What do you do when you find yourself in a trauma or threat response? Let’s talk about the daily practices you can take to help get yourself into your window of tolerance and moving towards normative eating & peace.
What is a threat response?
It’s when you know what you need to do but you can’t do it.
Knowing what a threat response is and the symptoms of how they show up in our lives is oftentimes the first step towards uncoupling those responses from our food and body.
However, building new neurobiology is action-oriented work. Simply taking in the information isn’t enough. It’s often the first step, but we must put the information into practice.
Having interceptive awareness.
This ability brings us out of denial and into an awareness of what’s going on and why you’re checking out. This brings us into the ‘here-and-now’ and one step closer to finding and living in our window of tolerance.
Use your body as a resource.
Trauma and threat responses do not have the ability to think rationally. So, once we have the awareness that we’re checking out and moving into threat responses, we can then begin to ask ourself some key questions.
1. What has been the result of thinking your body is the wrong body to have?
2. How have restrictive diets served you and made your health any better in the long-term (think 3, 6, 10 years down the road).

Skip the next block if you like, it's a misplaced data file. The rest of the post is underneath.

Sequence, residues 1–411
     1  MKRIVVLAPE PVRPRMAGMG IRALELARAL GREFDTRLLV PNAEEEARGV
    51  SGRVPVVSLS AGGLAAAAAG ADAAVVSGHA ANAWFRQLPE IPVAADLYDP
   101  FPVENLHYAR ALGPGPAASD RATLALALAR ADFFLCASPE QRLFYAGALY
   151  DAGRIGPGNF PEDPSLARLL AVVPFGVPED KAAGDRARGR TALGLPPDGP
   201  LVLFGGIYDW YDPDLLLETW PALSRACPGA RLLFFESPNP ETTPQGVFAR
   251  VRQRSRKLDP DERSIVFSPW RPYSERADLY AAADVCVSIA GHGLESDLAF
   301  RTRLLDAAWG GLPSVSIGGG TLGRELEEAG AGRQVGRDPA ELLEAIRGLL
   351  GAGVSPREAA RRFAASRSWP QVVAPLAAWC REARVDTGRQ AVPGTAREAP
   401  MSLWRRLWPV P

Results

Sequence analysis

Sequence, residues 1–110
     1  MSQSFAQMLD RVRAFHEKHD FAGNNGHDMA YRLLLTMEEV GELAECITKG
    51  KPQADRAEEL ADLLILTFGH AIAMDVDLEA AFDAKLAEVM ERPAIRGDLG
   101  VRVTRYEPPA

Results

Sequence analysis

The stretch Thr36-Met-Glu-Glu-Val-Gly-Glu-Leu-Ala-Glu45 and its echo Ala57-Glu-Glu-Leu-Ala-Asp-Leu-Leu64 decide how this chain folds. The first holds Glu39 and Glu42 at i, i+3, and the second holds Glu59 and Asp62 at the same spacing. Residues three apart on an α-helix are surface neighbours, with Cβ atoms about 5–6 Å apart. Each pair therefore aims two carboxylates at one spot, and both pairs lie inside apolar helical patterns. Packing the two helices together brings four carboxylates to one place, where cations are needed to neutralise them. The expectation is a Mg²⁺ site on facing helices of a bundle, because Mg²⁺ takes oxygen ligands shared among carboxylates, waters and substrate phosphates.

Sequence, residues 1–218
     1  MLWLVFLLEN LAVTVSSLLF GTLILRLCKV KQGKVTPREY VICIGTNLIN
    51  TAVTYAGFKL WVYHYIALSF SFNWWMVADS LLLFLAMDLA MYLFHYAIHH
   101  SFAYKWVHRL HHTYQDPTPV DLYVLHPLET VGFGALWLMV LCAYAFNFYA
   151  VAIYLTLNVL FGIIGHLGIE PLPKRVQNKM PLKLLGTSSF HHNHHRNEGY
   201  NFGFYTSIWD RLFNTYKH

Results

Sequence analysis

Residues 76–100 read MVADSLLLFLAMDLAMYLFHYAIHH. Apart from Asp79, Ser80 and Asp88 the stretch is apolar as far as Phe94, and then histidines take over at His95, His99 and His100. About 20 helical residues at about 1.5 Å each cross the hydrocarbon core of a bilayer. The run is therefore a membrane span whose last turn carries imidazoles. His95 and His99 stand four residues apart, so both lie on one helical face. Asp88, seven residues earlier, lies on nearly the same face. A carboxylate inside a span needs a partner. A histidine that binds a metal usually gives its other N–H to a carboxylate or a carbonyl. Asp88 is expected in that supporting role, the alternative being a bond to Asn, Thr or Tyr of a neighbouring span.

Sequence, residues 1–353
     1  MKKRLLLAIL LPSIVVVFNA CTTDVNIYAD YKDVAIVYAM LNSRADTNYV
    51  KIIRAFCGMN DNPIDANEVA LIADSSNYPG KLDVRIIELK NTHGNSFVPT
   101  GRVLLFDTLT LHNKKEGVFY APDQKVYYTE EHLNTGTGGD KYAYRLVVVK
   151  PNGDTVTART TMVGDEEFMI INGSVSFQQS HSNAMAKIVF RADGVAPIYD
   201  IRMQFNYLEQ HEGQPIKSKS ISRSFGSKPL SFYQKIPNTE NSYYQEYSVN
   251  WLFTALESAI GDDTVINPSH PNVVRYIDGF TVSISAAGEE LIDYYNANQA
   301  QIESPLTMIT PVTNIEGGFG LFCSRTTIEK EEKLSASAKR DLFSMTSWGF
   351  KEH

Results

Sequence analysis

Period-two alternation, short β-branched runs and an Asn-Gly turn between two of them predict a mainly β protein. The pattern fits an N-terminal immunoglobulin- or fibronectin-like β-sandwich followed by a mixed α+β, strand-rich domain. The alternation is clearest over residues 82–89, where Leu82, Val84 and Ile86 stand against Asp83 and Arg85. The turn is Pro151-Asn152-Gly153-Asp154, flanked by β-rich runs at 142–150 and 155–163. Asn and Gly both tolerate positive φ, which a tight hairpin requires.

Find people in your life you can co-regulate with.
In the early days of recovery, it can be challenging to be both the sufferer and the care provider. You can work yourself towards this but finding people you can co-regulate with is an important step to not skip.
Who might be someone to consider? This can quite literally be anyone that you feel safe enough with. An online support group, a therapist, a friend, a co-worked, a loved one. Anyone who will not judge you, will be a witness to who you really are and can separate you from what you’re struggling with.
Daily Practices for Moving towards Normative Eating
One thing I love about implementing daily practices is that there isn’t a right or wrong way to do it.
For instance, we know that breathing is a great to ground ourselves in the here and now. But if you prefer breathing in deeply and letting it out quickly vs. breathing out and letting it out slowly, it absolutely doesn’t matter. You get to be aware of and recognize your preferences.
Here are just a few ideas to get you started :
- Physic-ball : these are those big, bouncy balls that you see people sitting on. These are great for keeping you grounded and your awareness high as they require your body and muscles to be more engaged to stay on the ball than simply sitting in a normal chair does.
- Notice what you’re doing and do the opposite : an example of this would be : if you’re sitting then stand, if you’re laying down then sit against the way with your knees bent and push your back against the wall).
- Notice textures around you : one thing I love to do is notice the different textures of my dog’s fur by running my toes across his hair. The fur feels different at different places on his body. You can adapt this and find whatever textures you have around you.
- Twist & turn your wrists and ankles
- Touch work : this can come in many different forms (the most common being massage therapy) but please ensure that the provider is trauma-informed and educated.
Again, use your body as a resource. Utilize your 5 senses – smell, taste, touch, sight and hearing – to help keep yourself grounded and in your window of tolerance.
Check out these two videos where we dive deeper into each of these daily practices :